It took me a while to admit that we are one of "those" few...you know, special needs parents. I still have a hard time saying it. Its the stigma that comes with those words. I have often thought "I have no idea how parents of kids with special needs do it, nor do I want to find out." Yet, here we are...and it is somewhat normal to us. We are still living. We are still enjoying life. We feel somewhat normal...most of the time. Special needs parenting isn't all that different...
...most of the time.I came home exhausted today after spending most of the day at a cardiology appt (which was good, by the way) and a therapy appt for Nate. A good portion of the past couple of days has been spent getting a hotel and rental car for our upcoming trip to Houston and talking by phone with the neuroscience liason about the intricate details of the tests Nathan will have performed while we are there in a couple of weeks. Next week is full here with 2 therapy sessions and 2 specialty appointments before we head to Houston the following week...well yes, special needs parenting is a little different sometimes.Abby and I were playing a game a few days back when she looked up and asked "Is Nathan going to die soon?" The question startled me and made me want to wake up from the nightmare that was overshadowing my life at that moment. I picked my heart up from the floor and carefully proceeded with "No hun. What makes you ask that?" She told me that a friend had told her a couple of weeks prior that since Nathan had a disease, it meant that he would die soon. Abby had carried that on her heart for 2 solid weeks before asking me...a burden I wouldn't wish on anyone, especially a 6 year old. She simply adores her little brother, and it hurts me to know that she is affected so profoundly by circumstances that most other children don't have to endure or think about. I explained to her that while Nathan's disease was indeed serious at times, we are trying everything we can so that he can be healthy. "The prayers, the medicine, the oxygen, the doctor appointments...we are doing all of that so that Nathan may live a very long life. Just look at how great he is doing right now!" was my ultimate answer to her. Yes, special needs parenting is a little different sometimes.I have always had aspirations of homeschooling. I absolutely love seeing the little light bulb go off in the heads of my children when they learn something new and "get it". As Abby reached closer and closer to starting kindergarten, I realized that I had to throw in the white flag of defeat...I, the mom who thought she could conquer Mt. Rushmore and Mt. Laundry at the same time, could not "do it all". Taking Nathan back and forth to doctor appts and therapies was taxing on my physical and emotional strength, and after much prayer and deliberation, I realized that Abby needed to attend our local public elementary school. Thankfully, she has excelled in this environment more than I had ever realized could happen, and we are beyond happy with the arrangement.
Of course, pride still gets in the way sometimes...I took great pride in the fact that I kept Abby home with me and was able to teach her at home until she started kindergarten, and I planned to do that same with Emma. "A man's pride shall bring him low: but honour shall uphold the humble in spirit." Proverbs 29:23Due to an increase in Nathan's therapy and doctor appts recently, I have had to take Emma with me some. My best friend keeps her sometimes during these times, but she has 3 kids of her own, and I often feel bad for asking her to keep Emma so often (even though she will scorn me for mentioning this). Emma is a typical self-centered 4 year old, so an appointment directed just to Nathan usually ends up in Emma acting out in some way...which more often than not, ends in me being especially exasperated with her. The past few appts have been especially tough for some reason. At a therapy session last week, she couldn't understand why she couldn't interact with the therapist like Nathan does. When she overheard that Nathan would start therapy in the pool the next week, she broke down in tears while sobbing "Nathan gets to do everything, and I don't get to do anything."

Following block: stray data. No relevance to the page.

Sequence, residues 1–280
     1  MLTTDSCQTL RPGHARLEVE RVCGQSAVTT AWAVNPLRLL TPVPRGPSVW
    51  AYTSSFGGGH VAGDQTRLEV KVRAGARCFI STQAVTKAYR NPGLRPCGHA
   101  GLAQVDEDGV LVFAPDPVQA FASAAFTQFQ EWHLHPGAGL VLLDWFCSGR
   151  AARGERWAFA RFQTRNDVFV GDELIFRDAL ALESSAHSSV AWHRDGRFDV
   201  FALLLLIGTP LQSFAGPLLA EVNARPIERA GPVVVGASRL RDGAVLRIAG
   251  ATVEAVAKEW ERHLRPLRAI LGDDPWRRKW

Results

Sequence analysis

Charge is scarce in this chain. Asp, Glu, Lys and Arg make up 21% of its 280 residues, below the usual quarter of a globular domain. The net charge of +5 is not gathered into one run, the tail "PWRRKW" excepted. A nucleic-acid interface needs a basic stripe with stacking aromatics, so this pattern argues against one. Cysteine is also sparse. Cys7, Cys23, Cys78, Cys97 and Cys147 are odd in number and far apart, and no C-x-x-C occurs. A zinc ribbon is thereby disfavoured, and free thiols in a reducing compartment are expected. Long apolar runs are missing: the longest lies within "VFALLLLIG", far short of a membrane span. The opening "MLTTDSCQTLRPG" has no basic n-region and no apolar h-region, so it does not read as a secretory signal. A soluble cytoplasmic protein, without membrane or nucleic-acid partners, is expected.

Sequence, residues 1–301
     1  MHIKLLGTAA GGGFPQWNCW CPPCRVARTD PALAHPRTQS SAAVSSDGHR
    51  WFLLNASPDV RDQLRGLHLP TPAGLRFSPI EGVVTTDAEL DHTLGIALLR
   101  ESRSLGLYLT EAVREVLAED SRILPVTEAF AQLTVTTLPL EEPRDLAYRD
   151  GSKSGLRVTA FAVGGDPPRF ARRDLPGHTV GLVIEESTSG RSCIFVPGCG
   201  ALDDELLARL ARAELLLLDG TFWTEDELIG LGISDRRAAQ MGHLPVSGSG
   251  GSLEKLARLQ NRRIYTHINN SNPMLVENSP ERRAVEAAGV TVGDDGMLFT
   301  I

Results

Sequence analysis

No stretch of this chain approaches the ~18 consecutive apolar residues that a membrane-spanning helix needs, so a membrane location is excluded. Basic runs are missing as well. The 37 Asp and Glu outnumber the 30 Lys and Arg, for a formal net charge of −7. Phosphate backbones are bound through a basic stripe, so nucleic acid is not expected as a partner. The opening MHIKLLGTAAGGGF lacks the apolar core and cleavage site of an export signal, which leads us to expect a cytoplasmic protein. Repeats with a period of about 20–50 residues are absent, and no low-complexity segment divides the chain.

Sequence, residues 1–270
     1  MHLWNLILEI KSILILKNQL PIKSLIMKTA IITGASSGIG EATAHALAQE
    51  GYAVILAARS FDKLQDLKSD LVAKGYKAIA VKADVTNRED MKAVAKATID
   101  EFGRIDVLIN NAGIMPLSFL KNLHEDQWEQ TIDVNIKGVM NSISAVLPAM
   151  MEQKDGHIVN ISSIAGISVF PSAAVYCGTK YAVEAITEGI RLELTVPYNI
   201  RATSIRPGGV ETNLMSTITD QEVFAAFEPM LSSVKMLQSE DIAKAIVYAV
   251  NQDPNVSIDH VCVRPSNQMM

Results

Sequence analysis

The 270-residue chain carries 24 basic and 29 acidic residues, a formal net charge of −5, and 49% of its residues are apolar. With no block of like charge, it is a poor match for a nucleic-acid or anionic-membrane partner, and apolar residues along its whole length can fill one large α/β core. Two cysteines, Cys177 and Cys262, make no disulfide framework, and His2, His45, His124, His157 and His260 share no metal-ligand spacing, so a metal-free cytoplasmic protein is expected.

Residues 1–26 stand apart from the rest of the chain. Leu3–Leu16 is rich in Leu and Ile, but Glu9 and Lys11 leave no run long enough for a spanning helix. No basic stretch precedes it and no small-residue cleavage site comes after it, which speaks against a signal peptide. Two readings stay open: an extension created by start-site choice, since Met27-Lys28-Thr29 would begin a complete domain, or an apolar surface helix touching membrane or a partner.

I completely understood what she was saying. Therapy is fun...new toys, one on one attention, constant praise at normal, mundane daily accomplishments...who wouldn't love therapy for a toddler? And she is right...even though I have tried desperately to spend more snuggle time and one-on-one time with her lately, she doesn't have anything that is for her. She is stuck in the middle...being pulled from appts to therapies to picking up her sister from school to other functions. She is being left in the chaotic dust that is currently our life. Yes, special needs parenting is different sometimes.
After some parental discussions and setting aside of appropriate funds, we have decided to enroll Emma in preschool next year. She will be attending at a church within walking distance from our house...the school that my best friend's son is also attending so that she can easily pick Emma up if needed. This is something she will love...something that is all her own. Emma is beyond excited already at this opportunity. And while I can't help but think that I am pushing her aside for someone else to "take care of", I also have a huge weight lifted off my shoulders.
You see, even though our daily life seems so normal, and we generally live our lives laughing and dancing in the livingroom and sharing stories about our day around supper at the dining room table, I also admit that special needs parenting is different at times. It's hard...yet, it's more rewarding that most will ever know. It's just a...special way of life.